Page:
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UNDER THE DOGWOOD TREE
April 20, 2004
 
What's amazing about this is that it's this warm and there are no bugs, Corinna said.

Yup, I said. They're not alive yet.

And they're not. They're still pupas, or whatever bugs are before they're bugs. Larvae? Something.

We were at the picnic table under the dogwood, our first outdoor supper of the year. All summer long and into the fall, we eat inside only when it rains. The rest of the time, we're under the dogwood, a tree whose beauty spans all four seasons: now, when its cross-shaped blossoms are about to bloom, to hang in the air in snowy drifts. The blossoms of the dogwood are shaped like a cross. The tips of them are touched with red. That's the blood of Christ, my grandmother told me many years ago. And see the circle of little round things in the center? That's the crown of thorns.

In a few weeks, its green leaves make a tent under which you can sit in a rainstorm and not really get wet. In the fall, they turn fiery red. And then, in the winter, its bare arms show black against the grey sky.

Dinner time: time to eat and talk. Time to solve things, but not really hideous things -- those things await another time. But at dinner time, you can talk about your day a little. Talk a little about what troubles you. Or, if you can't bear to do this yet, just sit and hear the other people talking, the other people reporting in from their lives, sit and remember that there is such a thing as normal life and that your family is here, all around you, no matter what happens. No matter how annoying they are, how bereft of understanding. They're here. That much you can say, and it's more comforting than you expected it to be when you sat down.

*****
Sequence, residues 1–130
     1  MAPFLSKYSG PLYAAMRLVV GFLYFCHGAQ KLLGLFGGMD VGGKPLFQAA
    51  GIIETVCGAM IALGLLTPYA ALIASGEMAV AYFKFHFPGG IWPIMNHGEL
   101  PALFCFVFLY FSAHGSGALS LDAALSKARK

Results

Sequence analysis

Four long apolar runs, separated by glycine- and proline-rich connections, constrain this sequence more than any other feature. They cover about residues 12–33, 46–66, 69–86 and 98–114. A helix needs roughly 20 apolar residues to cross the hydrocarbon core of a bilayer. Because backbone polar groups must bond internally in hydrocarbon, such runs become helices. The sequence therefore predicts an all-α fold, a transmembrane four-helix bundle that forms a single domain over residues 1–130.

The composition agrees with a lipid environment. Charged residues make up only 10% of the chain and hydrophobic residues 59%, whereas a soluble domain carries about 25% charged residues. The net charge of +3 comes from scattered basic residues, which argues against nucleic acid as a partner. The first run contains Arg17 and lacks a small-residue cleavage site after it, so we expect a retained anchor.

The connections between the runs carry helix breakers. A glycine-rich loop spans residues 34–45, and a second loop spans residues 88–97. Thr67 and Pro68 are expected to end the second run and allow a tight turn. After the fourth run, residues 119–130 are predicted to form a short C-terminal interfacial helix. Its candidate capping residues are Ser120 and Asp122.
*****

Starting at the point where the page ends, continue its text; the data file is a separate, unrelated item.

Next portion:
And later? When you've moved far away? When the house has passed into other hands? When someone with no soul chops down the dogwood tree so he can build a deck where it stood? When nobody but you and your sister are left to remember the meals under the little tree, to trace the initials you carved in its bark, to look at the crook in the branches where you used to sit, and wonder that it used to seem so high?

Carry it with you. Those who love you now will always love you, for love stains, and you can never get it out, no matter how hard you scrub. The grandparents who sat with you and only partly understood what you were saying loved you as they loved their own lives, and would have given those worn lives in exchange for yours in a heartbeat.

Whenever you see a dogwood, remember.

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To see a dogwood blossom up close, go to http://www.pbase.com/image/27423817
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